In their policy reports, the OECD and the ECB discuss labour market performance in the aftermath of the Great Recession in a more pragmatic way, without adhering strictly to the NK NAIRU model. At an early stage of the crisis, the OECD (2010; 2011) discusses risks and policy implications resulting from persisting unemployment and the danger of a jobless recovery. Although empirical data do not indicate extensive withdrawal from the labour force until now, the report worries that this might happen in the future. A variety of labour market reforms such as activation policies, reduction of benefit replacement ratios and restricting early retirement is suggested in order to reduce unemployment persistence by increasing the labour force and labour market flexibility. This corresponds to the NK concept of persistence, although the authors do not explicitly refer to any theoretical framework. While the report does emphasise the role of aggregate demand management, the policy suggestions are focused on stimulating demand through removing market barriers – especially regarding the fiscal imbalances in most OECD countries. ECB (2012) reports that employment in countries with a strong pre-crisis credit boom and current account deficits was hit especially hard by the recession. Employment losses were above average in the manufacturing and construction sector. Unemployment persistence due to skill mismatch is recognised. However, in its policy conclusions the ECB highlights only wage flexibility as the cure for unemployment. While the OECD does see some role for demand management, there is no mention of it by the ECB. Neither of them assigns any significance to capital accumulation.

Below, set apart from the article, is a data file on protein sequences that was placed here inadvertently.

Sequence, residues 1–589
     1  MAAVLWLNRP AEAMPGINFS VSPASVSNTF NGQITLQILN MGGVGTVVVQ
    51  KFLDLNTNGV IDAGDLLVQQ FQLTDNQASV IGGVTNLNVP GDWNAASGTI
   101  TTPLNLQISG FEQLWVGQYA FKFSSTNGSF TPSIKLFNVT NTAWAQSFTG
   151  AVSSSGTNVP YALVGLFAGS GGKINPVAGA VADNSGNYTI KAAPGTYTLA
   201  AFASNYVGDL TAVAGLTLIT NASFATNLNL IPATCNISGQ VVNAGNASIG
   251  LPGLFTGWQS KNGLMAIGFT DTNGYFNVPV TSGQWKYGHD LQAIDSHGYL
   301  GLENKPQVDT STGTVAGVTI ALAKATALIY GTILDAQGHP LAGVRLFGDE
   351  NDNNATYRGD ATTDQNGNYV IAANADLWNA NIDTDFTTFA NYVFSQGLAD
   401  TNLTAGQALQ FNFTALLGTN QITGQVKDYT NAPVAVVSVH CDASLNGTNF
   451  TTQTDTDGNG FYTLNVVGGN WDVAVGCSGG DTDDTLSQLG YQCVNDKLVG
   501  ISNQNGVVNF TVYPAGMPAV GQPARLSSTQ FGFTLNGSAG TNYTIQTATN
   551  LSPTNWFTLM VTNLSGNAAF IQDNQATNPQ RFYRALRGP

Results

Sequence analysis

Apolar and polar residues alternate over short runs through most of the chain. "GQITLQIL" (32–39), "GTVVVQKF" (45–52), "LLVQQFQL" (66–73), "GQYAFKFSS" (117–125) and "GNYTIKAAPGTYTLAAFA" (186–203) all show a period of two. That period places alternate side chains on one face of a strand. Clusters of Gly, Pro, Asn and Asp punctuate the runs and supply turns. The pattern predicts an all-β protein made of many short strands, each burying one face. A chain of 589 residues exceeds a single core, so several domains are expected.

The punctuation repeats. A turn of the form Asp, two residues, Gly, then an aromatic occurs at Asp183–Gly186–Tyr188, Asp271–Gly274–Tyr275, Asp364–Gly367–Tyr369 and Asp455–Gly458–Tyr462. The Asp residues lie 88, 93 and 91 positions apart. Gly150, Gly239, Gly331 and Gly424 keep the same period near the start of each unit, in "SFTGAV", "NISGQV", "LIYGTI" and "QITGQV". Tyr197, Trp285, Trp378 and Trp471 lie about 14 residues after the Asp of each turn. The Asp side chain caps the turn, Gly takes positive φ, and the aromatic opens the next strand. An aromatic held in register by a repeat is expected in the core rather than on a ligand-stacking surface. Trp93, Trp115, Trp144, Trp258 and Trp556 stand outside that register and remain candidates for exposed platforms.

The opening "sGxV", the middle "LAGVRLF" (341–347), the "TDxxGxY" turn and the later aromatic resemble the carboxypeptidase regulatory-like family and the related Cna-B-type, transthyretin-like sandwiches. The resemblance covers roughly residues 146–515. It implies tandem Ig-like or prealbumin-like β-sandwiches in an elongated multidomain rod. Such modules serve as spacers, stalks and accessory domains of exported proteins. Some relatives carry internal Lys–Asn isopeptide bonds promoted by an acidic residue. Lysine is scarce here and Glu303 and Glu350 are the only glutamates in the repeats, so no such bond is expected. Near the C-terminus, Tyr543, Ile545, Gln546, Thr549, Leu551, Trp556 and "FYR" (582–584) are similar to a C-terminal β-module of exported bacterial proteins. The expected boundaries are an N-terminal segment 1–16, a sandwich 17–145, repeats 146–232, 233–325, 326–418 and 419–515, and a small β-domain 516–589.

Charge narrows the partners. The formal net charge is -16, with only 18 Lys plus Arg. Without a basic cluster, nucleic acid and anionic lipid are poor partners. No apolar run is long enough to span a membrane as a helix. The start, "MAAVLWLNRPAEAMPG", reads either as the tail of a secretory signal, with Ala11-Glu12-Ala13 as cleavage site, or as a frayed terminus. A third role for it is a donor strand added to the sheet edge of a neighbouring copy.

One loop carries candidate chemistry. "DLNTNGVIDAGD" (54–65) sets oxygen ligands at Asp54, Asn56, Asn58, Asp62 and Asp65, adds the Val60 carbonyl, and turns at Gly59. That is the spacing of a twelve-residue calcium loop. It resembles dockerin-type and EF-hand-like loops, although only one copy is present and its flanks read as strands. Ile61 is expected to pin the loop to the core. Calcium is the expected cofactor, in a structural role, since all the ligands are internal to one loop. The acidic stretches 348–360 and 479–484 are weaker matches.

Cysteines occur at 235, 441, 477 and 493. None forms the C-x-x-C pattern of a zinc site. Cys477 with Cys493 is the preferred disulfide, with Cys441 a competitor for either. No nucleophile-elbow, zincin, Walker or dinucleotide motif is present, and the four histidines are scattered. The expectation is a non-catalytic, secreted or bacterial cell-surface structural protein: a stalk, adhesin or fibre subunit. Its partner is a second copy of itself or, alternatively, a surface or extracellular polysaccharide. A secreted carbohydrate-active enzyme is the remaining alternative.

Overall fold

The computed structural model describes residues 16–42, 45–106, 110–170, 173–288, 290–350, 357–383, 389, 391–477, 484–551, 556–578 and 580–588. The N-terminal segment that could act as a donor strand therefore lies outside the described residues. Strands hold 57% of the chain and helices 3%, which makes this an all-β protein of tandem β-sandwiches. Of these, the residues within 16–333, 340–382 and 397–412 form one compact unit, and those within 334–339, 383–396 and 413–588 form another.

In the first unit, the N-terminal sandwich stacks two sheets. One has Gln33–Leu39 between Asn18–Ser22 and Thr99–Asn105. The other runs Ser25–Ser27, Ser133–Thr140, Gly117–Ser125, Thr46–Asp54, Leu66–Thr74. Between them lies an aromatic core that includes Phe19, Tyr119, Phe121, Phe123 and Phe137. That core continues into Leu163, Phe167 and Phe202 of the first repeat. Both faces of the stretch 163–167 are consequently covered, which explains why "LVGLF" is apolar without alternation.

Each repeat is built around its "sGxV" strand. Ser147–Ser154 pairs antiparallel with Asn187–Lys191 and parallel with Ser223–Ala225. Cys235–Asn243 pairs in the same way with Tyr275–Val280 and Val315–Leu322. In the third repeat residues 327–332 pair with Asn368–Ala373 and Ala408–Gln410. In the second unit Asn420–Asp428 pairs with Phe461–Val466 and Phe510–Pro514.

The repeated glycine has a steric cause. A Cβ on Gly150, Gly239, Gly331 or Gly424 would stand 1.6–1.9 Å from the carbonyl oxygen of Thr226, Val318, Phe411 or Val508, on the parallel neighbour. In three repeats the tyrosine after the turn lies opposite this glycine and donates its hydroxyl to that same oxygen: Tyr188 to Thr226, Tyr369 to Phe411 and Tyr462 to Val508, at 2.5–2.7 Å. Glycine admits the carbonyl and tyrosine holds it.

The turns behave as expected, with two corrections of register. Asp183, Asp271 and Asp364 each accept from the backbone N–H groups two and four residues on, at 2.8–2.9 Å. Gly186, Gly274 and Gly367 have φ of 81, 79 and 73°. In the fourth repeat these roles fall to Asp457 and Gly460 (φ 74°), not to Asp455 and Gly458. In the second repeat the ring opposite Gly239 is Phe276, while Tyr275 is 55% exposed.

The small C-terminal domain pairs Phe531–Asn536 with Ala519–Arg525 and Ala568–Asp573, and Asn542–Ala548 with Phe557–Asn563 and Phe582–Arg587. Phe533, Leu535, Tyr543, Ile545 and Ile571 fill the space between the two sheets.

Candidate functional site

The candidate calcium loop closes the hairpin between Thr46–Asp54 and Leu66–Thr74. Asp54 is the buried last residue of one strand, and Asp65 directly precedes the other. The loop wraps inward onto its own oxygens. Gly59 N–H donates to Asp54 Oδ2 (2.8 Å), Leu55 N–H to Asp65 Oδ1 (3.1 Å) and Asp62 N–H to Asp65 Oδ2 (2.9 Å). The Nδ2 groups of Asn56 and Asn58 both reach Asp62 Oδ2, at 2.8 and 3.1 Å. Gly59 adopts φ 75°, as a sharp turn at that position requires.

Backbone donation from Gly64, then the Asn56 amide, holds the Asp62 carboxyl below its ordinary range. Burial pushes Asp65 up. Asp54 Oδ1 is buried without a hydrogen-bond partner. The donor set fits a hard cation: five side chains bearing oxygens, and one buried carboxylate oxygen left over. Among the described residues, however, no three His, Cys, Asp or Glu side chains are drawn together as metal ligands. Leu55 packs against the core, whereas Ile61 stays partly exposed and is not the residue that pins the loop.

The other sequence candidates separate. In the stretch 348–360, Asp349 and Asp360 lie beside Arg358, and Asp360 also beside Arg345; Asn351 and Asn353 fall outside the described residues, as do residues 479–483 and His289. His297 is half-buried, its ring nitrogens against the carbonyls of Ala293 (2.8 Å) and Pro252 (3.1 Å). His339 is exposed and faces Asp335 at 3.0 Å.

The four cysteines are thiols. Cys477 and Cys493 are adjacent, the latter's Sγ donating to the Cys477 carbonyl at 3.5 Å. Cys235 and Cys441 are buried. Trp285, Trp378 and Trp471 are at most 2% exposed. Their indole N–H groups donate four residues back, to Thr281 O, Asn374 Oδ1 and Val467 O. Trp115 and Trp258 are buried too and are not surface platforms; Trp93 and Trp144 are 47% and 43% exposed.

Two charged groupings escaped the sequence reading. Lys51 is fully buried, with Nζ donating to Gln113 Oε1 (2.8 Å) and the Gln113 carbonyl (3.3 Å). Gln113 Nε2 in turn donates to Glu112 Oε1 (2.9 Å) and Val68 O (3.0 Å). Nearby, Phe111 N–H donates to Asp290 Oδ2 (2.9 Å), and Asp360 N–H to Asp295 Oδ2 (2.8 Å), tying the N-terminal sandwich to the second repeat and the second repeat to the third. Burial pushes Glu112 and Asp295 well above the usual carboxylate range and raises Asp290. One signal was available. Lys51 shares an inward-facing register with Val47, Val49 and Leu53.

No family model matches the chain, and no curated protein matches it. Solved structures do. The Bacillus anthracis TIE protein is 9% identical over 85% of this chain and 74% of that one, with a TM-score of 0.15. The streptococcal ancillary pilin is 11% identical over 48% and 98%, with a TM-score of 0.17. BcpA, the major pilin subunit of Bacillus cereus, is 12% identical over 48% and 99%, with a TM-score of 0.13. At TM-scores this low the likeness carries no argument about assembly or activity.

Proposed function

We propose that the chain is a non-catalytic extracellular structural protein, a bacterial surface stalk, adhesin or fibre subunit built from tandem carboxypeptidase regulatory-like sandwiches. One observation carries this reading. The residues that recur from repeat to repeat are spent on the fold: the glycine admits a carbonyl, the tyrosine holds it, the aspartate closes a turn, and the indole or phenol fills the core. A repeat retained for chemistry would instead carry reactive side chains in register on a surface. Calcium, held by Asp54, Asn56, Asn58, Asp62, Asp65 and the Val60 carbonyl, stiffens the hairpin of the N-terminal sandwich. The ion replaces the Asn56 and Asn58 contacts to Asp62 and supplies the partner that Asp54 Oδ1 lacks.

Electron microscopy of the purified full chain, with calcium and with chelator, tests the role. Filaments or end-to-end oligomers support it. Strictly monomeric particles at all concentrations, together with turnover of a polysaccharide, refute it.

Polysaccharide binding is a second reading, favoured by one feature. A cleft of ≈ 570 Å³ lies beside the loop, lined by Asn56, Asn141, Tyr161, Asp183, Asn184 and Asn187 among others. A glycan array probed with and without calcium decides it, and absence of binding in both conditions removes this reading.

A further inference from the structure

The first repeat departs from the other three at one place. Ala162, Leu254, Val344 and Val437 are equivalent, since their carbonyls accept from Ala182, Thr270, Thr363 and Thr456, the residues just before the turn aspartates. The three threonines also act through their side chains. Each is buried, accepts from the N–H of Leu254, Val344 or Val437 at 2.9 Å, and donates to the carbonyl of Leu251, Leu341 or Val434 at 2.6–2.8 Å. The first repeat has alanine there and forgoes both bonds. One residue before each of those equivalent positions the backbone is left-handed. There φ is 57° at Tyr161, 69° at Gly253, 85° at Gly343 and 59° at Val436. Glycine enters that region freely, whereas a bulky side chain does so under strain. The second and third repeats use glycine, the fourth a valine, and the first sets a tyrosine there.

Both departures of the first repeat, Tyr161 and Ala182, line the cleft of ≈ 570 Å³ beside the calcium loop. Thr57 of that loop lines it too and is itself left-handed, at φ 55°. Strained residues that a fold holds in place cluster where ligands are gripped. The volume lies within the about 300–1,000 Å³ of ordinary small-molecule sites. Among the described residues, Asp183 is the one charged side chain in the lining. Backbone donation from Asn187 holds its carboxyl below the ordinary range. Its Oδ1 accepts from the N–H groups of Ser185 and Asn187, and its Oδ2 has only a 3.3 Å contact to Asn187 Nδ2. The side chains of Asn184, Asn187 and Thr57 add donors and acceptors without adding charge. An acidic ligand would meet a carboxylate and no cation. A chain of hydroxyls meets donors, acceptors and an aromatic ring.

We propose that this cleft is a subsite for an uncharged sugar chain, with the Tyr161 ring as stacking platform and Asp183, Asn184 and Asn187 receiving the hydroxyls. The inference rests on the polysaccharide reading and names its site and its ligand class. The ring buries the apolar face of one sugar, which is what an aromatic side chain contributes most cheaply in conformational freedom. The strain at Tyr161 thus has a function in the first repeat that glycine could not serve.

The Keynesian view holds that capital accumulation is the main determinant of unemployment performance in the medium term. Econometric evidence supporting strong effects of capital accumulation has been found by a range of different methodologies, but studies notably differ in the extent to which they control for LMI – that is, to what extent they encompass the mainstream explanation. Stockhammer (2004) uses time series analysis for five countries and controls for the tax wedge, unemployment benefits and union density. Arestis et al. (2007) apply a vector error correction model for nine countries and control for unemployment benefits and strike activity. Both studies find strong effects of capital accumulation. Karanassou/Snower (1998) and Karanassou et al. (2008) estimate a system of labour demand, wage setting and labour supply curves and (controlling for a limited set of LMI) find strong effects of capital accumulation (for the UK and Scandinavian countries respectively). Rowthorn (1995) and Alexiou/Pitelis (2003) report significant effects of capital accumulation with a cross-section and panel approach respectively, but do not control for any LMI.